# init variables
        self.width = 32
        self.height = 32
        self.modal_redraw = False
        self.image_name = "framebuffer_copy"
        self.framebuffer = bgl.Buffer(bgl.GL_INT, 1)
        self.viewport_info = bgl.Buffer(bgl.GL_INT, 4)
        self.pixelBuffer = bgl.Buffer(bgl.GL_INT, self.width * self.height * 4)

        # create or update image object to which the framebuffer
        # data will be copied
        if not self.image_name in bpy.data.images:
            self.framebuffer_image = bpy.data.images.new(self.image_name , 32, 32)
        else:
            self.framebuffer_image = bpy.data.images[self.image_name ]


    # 
    def __del__(self):
        print("End example code")


    # modal operator for controlled redraw of the image
    def modal(self, context, event):
        # stop the execution of this example code if 'ESC' is pressed
        if event.type in {'ESC'}:
            bpy.types.SpaceView3D.draw_handler_remove(self._handle_3d, 'WINDOW')
            print("Removing draw handler")
            return {'CANCELLED'}

        else:

            # set draw variable to update:
            # This is here to prevent excessive redrawing
            self.modal_redraw = True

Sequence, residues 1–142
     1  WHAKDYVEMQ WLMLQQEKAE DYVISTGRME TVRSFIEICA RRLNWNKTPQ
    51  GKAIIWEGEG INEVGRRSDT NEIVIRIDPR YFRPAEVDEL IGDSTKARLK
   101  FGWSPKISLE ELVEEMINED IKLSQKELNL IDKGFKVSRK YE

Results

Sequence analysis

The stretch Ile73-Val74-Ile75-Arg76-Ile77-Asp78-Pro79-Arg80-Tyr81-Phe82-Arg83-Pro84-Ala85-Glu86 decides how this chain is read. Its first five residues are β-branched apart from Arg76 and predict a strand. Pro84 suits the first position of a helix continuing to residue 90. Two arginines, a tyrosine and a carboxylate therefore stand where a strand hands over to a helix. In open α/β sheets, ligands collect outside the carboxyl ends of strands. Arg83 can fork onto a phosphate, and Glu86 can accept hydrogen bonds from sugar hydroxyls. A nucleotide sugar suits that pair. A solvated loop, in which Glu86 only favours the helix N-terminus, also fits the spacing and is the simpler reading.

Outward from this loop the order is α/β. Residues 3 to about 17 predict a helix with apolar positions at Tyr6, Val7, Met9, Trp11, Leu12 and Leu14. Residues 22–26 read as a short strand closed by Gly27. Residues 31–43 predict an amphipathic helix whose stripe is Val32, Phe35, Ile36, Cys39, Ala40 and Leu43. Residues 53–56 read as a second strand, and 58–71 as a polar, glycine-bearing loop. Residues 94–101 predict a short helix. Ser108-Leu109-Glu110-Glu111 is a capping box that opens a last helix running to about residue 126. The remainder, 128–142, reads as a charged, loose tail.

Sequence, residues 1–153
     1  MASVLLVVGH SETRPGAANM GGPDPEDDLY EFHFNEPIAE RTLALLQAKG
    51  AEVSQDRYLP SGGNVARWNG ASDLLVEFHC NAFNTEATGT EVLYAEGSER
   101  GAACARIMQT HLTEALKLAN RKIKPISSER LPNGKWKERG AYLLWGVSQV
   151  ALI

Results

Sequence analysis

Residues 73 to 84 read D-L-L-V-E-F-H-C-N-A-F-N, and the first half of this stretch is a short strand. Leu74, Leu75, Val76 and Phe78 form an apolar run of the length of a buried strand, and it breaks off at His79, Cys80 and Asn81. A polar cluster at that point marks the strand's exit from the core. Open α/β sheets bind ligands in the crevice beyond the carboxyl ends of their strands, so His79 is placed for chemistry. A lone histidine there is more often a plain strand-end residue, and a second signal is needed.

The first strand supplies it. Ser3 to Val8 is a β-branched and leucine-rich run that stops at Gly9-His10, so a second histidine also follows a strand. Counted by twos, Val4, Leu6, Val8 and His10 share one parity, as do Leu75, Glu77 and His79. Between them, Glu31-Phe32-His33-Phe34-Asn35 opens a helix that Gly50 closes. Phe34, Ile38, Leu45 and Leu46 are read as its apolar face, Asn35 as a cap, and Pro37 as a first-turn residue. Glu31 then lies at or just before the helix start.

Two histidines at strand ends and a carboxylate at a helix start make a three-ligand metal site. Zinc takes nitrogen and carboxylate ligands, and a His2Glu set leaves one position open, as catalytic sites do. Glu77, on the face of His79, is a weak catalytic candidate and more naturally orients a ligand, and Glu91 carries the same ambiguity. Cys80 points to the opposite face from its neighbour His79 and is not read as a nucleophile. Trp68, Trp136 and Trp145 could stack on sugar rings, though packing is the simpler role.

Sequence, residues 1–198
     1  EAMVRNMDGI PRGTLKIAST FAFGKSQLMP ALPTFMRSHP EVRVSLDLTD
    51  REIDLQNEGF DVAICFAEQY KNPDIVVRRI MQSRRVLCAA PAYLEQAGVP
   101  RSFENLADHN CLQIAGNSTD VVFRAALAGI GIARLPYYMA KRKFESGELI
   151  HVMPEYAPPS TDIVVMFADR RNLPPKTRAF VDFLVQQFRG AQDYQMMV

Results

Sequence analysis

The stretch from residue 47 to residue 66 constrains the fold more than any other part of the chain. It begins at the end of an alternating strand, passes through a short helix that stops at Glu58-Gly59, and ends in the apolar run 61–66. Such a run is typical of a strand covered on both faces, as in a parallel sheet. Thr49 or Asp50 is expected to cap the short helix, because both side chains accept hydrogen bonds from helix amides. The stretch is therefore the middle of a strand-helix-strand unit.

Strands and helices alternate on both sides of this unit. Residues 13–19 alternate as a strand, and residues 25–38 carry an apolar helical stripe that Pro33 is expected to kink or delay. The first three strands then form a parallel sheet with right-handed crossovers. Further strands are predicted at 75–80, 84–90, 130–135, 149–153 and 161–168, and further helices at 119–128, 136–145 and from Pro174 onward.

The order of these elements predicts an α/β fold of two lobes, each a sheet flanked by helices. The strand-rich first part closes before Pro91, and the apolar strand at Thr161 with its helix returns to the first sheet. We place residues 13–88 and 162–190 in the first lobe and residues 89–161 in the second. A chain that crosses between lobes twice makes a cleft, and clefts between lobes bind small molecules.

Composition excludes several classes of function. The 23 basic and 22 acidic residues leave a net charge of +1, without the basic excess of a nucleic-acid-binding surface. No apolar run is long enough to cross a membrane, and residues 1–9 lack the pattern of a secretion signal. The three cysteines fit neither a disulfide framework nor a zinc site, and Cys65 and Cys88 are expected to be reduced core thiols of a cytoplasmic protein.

return {'PASS_THROUGH'}
        #return {'RUNNING_MODAL'}


    def invoke(self, context, event):
        print("Invoking modal operator")

        # Add the region OpenGL drawing callback
        # draw in view space with 'POST_VIEW' and 'PRE_VIEW'
        self._handle_3d = bpy.types.SpaceView3D.draw_handler_add(draw, (self, context), 'WINDOW', 'PRE_VIEW') # this draws the viewport objects alone (without grid)
        #bpy.types.SpaceView3D.draw_handler_add(draw, (self, context), 'WINDOW', 'POST_VIEW') # this draws the grid alone (without objects)

        context.window_manager.modal_handler_add(self)
        return {'RUNNING_MODAL'}


def register():
    bpy.utils.register_class(ModalFramebufferCopy)


def unregister():
    bpy.utils.unregister_class(ModalFramebufferCopy)


if __name__ == "__main__":
    register()

    # Invoke modal operator for the example code
    bpy.ops.view3d.modal_framebuffer_copy('INVOKE_DEFAULT')

This basically works, but neither the 'PRE_VIEW' nor the 'POST_VIEW' flag of the draw_handler_add() give the complete result. The following screenshot shows the copied image (upper left area) and the viewport (lower left area) it was copied from via the code above.

The following screenshot shows the copied image (upper left) and the viewport (lower left) it was copied from via the code above

For clarification

In the end, I don't want to copy the data into a bpy.types.image object. Instead, I want to copy several SpaceView3D frame buffers into one texture and draw it into another framebuffer for applying another shader. The way my code above approaches this is only, because the blender internal approach GPUOffscreen.draw_view3d is too slow.

My open questions

  1. Is there an alternative to GPUOffscreen.draw_view3d that is faster (i.e., < 1 ms)?
  2. Is there a more reliable (maybe blender internal) way to access the 3D View framebuffer?
  3. How can I access the final framebuffer drawn and used by blender (the one where all controls, etc. are implemented)?